The inspiration to write a science fiction novel set on Mars didn’t come from a song, film or dream. I never intended on writing this book. I was going to write a story about post-Brexit Britain. I had even been researching different English dialects.
To be honest, LOVED MARS, HATED THE FOOD started out as a gag that spun into a novel.
It began in the spring of 2016. I had decided to take a creative writing course on humour at the University of Toronto. The course was taught by Terry Fallis, a multiple winner of the Stephen Leacock Memorial Medal for Humour, one of the oldest literary awards in Canada. I couldn’t pass on the opportunity to learn from a great Canadian humourist.
On the first evening, Terry asked everyone to introduce themselves and describe their writing experience. People who know me well, will know that I’m rarely serious. It eventually got around to me. Umm, I must have made a mistake registering online,” I said with a deadpan face. “Maybe I reversed a couple of numbers. I’m supposed to be in a science fiction writing course.”
“I’m sorry to hear that,” said the instructor. “You are welcome to stay.”
Of course there was no science fiction writing course. The university offers almost no genre specific courses.
“Well, I’m here so I guess I’ll stay and see if I can straighten this out before next week. Maybe I can give my aliens funny names I can make it a humourous sci-fi story,” I said, shrugging.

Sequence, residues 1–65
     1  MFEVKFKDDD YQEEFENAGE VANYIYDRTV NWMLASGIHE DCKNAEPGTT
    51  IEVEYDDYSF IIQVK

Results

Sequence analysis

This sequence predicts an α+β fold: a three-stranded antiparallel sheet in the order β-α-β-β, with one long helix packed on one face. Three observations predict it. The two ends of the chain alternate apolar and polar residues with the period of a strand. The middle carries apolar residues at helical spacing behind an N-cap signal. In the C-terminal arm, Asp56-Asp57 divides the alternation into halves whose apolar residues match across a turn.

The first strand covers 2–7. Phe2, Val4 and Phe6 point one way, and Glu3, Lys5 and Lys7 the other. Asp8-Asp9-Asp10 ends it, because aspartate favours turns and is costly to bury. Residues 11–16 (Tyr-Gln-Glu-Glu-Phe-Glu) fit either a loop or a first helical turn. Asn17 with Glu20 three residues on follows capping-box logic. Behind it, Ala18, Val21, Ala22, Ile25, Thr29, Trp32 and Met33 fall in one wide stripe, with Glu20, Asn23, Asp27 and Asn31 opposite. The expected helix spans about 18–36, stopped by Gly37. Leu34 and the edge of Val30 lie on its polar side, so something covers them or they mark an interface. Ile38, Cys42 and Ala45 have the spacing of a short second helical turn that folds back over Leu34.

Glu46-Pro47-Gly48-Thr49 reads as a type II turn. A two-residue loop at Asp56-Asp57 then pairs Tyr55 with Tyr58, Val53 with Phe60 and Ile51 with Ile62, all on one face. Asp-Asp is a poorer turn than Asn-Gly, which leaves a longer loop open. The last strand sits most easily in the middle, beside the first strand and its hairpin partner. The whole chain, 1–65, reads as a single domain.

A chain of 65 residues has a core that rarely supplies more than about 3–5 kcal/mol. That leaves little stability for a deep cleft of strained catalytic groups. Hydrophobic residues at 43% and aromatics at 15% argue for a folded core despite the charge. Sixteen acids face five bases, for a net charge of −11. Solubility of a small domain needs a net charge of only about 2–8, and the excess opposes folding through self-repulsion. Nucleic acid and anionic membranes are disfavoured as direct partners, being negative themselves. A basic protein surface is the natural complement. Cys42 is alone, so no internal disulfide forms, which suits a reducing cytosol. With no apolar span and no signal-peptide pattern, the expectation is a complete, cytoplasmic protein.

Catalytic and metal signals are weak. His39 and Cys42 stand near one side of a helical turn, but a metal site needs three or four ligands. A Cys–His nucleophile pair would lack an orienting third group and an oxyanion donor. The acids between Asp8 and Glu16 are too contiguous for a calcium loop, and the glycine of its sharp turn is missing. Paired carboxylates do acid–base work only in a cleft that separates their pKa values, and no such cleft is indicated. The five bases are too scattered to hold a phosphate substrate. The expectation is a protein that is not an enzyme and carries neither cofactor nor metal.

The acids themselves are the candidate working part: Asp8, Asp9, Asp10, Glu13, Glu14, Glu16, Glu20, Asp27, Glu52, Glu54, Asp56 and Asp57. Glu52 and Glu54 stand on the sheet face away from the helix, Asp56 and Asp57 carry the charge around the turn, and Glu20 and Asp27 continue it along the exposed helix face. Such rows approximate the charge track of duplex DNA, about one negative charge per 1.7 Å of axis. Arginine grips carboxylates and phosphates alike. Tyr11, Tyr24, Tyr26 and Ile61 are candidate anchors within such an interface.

I participated throughout the evening. I even wrote a story about the types of Toronto drivers that Terry read to the class.
The next week I reappeared. Terry looked up and said, “Oh, you’re back.”
“Yeah, the science fiction course is full. I’m on a waiting list.”
For several weeks this continued. I wrote some hilarious stories in class, but no one caught on. Then one week we were to write a story that included physical comedy. I decided to write about the opening of the first Starbucks on Mars. in the story the Martians had an unusual reaction to caffeine.
I was asked to read it in front of the class. I got a great reaction. Then someone asked whether the story was from the novel I was working on.
I broke out in a big grin. “I’m not working on science fiction novel. I writing a political satire. I was just joking about the sci-fi stuff.” You should have seen the look on everyone’s face.
At the break, Terry came up to me. He thought the story was really funny and suggested that I consider turning it into a novel.
And there you have it. A novel was born. The short story I wrote for the class was incorporated into Chapter 23 of my novel.